Thoughts on Electoral Politics, Reform and Revolution

These were some thoughts I originally posted during a social media discussion on the current Presidential candidates.

I lean towards the view that U.S. Presidents are similar to corporate CEOs in the sense that, yes, they have their own objectives and interests, BUT their primary job is to serve as chief executive for the Power Elite (see C. Wright Mills and William Domhoff) just like a CEO is the front man for the Board of Directors and major shareholders. The President’s task is to implement whatever policies reflect the general consensus of Power Elite opinion. For instance, I think the major banksters poured money into getting Obama elected initially because the Republicans had become such an ineffective embarrassment. A president who defies Power Elite opinion to too great a degree will be severely undermined if not destroyed (see Salvador Allende). In other words, it doesn’t matter that much who the actual man is, he can’t really act outside the context of ruling class consensus in any particularly significant way.

The main difference between Democrats and Republicans is the ruling class factions they represent. The Repugnicans tend to represent the right-wing of the ruling class, e.g. old monied WASP elites and the Sunbelt insurgents that emerged following WW2 in the South and Southwest (Texas oil, for example) plus the neocons (right-wing of the Jewish elite, which is about 30% of the plutocracy). The Democraps tend to represent newer more high-tech industries (Silicon Valley and Hollywood, for example), elites among traditional minority groups, urban cosmopolitan technocrats, what Orwell called the “New Class,” etc.

I don’t think there’s any hope for a third party to actually win the presidency. Presidential elections are cost prohibitive to third parties. The media would vilify any competitive third party candidate and ballot access laws are highly restrictive as well. The exception might be a mega-billionaire who buys their way in like Ross Perot.

Trump is only worth about $4 billion. To run a credible, successful campaign, he’d need to spend $1 billion. I doubt he has that much liquidity, or that he’s be willing to spend it if he did. When Perot ran for Prez in ’92 it cost about $100 million to run a credible campaign. That’s increased about 10 tens since then, making a self-funded campaign cost prohibitive to everyone except Bill Gates, George Soros, or Warren Buffet. For Trump to be a successful candidate, he’d need real backers. Plus, the media would be overwhelmingly opposed to him, which he would have to spend extra to counter.

The main reason to prefer Democrats over the Republicans is that the neocons are not as deeply embedded in the Democratic apparatus, although that could change as many of them seem rather sympathetic to Hillary, and she’s not above doing their bidding.…/5460484

I think Webb, Sanders, and Chafee are all superior to Hillary, though it would be an uphill battle for any of them. The Republicans are a collection of freaks and sociopaths. Ironically, Trump is their best candidate because he’s the least in bed with the neocons as his comments about McCain and Krauthammer indicate.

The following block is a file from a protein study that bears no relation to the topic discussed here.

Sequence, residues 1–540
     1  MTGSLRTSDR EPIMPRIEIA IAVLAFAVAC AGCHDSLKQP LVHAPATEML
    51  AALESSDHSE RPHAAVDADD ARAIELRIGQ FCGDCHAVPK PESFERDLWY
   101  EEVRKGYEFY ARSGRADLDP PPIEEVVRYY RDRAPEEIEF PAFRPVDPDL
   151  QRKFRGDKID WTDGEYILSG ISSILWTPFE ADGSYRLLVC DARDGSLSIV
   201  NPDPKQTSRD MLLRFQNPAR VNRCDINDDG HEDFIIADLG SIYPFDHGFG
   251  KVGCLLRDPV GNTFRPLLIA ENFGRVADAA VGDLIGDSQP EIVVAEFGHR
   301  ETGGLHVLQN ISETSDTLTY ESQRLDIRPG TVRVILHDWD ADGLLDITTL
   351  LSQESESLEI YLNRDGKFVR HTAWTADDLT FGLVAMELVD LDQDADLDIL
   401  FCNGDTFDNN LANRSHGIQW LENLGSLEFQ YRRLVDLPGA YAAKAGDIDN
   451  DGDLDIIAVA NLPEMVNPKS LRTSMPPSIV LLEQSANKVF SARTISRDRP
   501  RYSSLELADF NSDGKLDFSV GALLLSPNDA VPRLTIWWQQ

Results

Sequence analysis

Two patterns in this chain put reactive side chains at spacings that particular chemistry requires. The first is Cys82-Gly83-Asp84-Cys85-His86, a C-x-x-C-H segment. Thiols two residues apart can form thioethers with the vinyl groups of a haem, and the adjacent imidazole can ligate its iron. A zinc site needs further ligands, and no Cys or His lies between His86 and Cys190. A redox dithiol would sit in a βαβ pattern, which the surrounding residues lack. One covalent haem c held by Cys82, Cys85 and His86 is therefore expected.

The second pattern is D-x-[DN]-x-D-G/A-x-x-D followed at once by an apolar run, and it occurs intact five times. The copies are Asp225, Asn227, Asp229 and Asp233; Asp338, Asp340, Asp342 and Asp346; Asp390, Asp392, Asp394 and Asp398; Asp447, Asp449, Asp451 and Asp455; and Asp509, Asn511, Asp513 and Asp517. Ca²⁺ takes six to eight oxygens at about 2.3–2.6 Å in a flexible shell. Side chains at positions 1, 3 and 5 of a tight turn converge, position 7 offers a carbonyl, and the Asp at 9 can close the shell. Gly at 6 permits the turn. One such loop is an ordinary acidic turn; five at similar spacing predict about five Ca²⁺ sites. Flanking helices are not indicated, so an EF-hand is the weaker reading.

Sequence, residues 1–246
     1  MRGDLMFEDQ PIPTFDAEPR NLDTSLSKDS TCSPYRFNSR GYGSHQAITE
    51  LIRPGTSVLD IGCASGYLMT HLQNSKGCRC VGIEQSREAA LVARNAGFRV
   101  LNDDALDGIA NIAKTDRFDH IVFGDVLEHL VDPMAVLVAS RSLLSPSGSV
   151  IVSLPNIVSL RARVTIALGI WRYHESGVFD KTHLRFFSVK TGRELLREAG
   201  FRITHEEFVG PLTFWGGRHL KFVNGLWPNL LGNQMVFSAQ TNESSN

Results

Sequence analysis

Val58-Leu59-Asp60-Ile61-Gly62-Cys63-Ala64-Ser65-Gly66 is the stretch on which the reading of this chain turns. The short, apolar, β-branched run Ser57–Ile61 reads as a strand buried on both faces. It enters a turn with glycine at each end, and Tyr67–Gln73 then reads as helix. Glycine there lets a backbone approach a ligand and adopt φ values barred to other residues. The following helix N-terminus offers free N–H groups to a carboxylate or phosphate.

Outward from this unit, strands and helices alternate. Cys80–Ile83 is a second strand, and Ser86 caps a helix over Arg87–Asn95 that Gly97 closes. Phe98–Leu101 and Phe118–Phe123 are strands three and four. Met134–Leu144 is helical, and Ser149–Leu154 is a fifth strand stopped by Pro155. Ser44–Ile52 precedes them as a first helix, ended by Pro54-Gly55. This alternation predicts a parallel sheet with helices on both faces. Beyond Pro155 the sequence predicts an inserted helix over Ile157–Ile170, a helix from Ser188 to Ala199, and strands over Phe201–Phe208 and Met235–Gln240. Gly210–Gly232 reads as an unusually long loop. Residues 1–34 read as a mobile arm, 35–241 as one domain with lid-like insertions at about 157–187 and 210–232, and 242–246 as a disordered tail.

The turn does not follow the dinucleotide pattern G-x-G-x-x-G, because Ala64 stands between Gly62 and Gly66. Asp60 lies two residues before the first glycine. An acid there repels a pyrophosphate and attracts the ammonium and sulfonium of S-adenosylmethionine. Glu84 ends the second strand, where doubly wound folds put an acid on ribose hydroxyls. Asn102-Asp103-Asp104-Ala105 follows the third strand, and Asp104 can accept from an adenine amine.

The Holy Grail in this is to figure out how to break the power of the banks and the military-industrial complex. One way might be a Gorbachev-like situation where an reformist head of state sets a process in motion that inadvertently has the effect of unraveling the system. Another might be a Ba’athist or Chavez style coup by reform oriented military officers. Another might be secession by regions and localities similar to the secession by the Soviet republics towards the end of the USSR (or some combination of all of these).

If electoral politics is to be the answer, I think the way to do it would be for a populist mass revolutionary movement to work to obtain dominance in the majority of state and local governments, while bypassing the federal system, and then withdrawing from the federal system altogether, thereby engineering a Soviet-like collapse. From there the next step would be to initiate an Iceland-style crackdown on the banksters, and withdrawal of foreign troops to local military bases. For this to happen, the military would have to either come over to the side of the revolutionaries or merely dissolve by means of internal fracturing. Meanwhile, the System would fight tooth and nail to survive, of course, either by attempting a coup of their own, attempting to pacify or buy off the radicals with a carrot rather than a stick, or attempting to play off different groups against one another in a divide and conquer strategy. There would need to be some contingency plans for resisting all of this, and there would need to be a pre-existing alternative infrastructure in place to fill the power vacuum when the system collapsed. Needless to say, there is currently no movement or group in the US that would be capable of doing any of this.

I can just imagine Americans trying to pull off something comparable to what is presently going on in Rojava. What a basket case that would be.”

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